• Kil* → Krill*: Kill, kilogram, killer, killing, kilowatt are all words that can be punned with “krill” (the microscopic shrimp-like ocean critters). For example: “I just bought a krillogram of tofu” and “Krilling sentient creatures is often morally wrong”
  • Combine → Combrine: As in “With our power combrined we should be able to defeat them.” and “It’s what you get when you combrine salt and water”. Similar puns can be made for most words ending in “bine”: turbrine (turbine), concubrine (concubine), columbrine (columbine).
  • *ice: Some words that end in “ice” an be very simple ice puns: price, nice, advice, device, twice, slice, rice, sacrifice, vice, suffice, mice, spice, entice, lice, splice.
  • Jus* → Juice*: As in “There can be no juicetification of this behaviour!” and “Juicet three dollars?! Is that all?” and “Juicetice has been served.” There are of course many more juice puns of this variety: juicetify, juicetifyable, injuicetice, unjuicetifyable, etc.
  • Adjust → Adjuicet: As in “There will be an adjuicetment period.” and “We need to adjuicet the course of this conversation”.
  • Court → Quart: As in “The supreme quart.” and “He’s been quarting her for months.”
  • Will → Well: As in “It’s just a lack of well power.” and “Well you marry me?” and “You well regret this.”
  • Esteem → Esteam: As in “She has great self-esteam.” and “I hold her in high esteam.”
  • Creak → Creek: As in “The stairs creeked as I walked up.”
  • Run → Rain: As in “She rains so fast!” and “He’s raining amok.”.
  • Tap: As in “Tap out! Her water puns are too good!” and “I heard a tap at the door.”
  • Lock → Loch: As in “If there’s any more water puns, I’ll loch the thread.” and “No shit, Sherloch.”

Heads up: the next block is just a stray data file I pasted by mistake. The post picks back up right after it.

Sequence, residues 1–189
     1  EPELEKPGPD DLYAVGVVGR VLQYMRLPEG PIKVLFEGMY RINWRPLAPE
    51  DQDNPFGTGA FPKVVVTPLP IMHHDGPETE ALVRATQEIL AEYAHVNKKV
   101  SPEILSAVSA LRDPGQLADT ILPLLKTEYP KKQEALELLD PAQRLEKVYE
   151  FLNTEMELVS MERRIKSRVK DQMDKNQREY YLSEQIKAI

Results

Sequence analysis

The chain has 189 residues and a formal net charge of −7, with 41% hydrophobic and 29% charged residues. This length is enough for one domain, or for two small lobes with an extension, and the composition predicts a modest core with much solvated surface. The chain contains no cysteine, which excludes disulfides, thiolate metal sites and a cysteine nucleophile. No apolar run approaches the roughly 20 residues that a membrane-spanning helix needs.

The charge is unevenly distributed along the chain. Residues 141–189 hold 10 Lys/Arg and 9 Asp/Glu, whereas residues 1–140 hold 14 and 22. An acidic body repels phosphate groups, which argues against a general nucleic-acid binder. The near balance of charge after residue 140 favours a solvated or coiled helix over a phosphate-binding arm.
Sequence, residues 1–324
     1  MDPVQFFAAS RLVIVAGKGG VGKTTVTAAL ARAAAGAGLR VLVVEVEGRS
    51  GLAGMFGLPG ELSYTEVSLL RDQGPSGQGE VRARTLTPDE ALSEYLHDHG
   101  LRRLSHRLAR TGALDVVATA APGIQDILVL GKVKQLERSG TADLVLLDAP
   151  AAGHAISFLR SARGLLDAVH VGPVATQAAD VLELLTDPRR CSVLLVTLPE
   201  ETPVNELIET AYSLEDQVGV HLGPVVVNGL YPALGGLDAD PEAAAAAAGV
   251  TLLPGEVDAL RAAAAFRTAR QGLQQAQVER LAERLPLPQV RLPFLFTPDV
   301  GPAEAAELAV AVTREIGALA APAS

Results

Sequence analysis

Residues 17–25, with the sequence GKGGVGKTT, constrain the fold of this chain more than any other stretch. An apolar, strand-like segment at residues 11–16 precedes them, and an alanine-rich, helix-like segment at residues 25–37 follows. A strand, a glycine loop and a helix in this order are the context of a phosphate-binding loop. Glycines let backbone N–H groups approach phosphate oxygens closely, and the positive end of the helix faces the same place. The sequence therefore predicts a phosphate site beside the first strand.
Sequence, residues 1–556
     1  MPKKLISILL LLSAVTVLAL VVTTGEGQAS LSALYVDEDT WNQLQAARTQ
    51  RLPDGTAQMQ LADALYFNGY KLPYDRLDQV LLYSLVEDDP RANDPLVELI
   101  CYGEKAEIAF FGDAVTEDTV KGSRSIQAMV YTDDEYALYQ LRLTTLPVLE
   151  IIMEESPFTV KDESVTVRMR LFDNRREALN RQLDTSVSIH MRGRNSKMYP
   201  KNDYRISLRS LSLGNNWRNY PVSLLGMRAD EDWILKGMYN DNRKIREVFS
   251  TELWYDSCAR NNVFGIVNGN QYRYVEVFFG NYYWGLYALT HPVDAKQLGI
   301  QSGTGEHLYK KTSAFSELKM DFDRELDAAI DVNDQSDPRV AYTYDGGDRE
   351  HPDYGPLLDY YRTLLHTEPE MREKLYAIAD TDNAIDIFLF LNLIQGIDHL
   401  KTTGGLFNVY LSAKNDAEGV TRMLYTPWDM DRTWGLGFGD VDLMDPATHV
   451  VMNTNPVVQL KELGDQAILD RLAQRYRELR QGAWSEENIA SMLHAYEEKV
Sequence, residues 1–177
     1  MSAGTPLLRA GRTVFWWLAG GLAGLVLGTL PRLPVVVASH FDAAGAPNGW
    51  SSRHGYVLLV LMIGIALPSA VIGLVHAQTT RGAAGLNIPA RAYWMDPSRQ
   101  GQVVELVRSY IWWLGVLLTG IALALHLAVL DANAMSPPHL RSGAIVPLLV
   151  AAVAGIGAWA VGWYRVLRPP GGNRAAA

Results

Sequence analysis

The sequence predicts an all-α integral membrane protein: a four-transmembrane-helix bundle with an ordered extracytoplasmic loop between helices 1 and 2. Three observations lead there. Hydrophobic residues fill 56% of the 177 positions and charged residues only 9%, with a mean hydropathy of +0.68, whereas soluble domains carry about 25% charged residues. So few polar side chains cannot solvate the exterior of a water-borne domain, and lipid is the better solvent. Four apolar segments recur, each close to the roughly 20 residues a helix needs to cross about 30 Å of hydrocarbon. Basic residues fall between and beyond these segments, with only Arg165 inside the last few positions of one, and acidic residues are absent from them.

• *lock → *loch: If a word ends in “lock”, it’s a lovely opportunity for a lake pun: bloch, cloch, floch, deadloch, padloch, hilloch, interloch, warloch, sunbloch, unbloch, hemloch.
  • Seem → Steam: As in “Things are not always as they steam.”
  • *hale → *hail: As in “Inhail deeply, then exhail slowly.”
  • Flake: As in “Yeah, I thought you might flake on me.” and “Cornflakes aren’t all that healthy.”
  • *late → *lake: Terrible lake puns can be made by replacing the “late” suffix with “lake”: calculake, stimulake, translake, contemplake, manipulake, circulake, accumulake, congratulake, congratulaketions, speculake, correlaketed (correlated), violaketed (violated), inarticulake.
  • I s* → Ice s*: Any phrase which has the word “I” and word after it which begins with “s” can be made into an ice pun. Here are a couple of examples: “Ice see dead people.” and “And ice stood there for a monent, completely stunned.” and “Ice simply have no idea.”
  • I see → Icey: As in “Icey what you did there.” and “Icey dead people.”
  • Boy l* → Boil l*: If a sentence has the word “boy” followed by a word starting with “l”, we can make a water pun. For example: “I thought a boil like you would have some manners.” and “The young boil left the room abruptly.”

Water-Related Phrases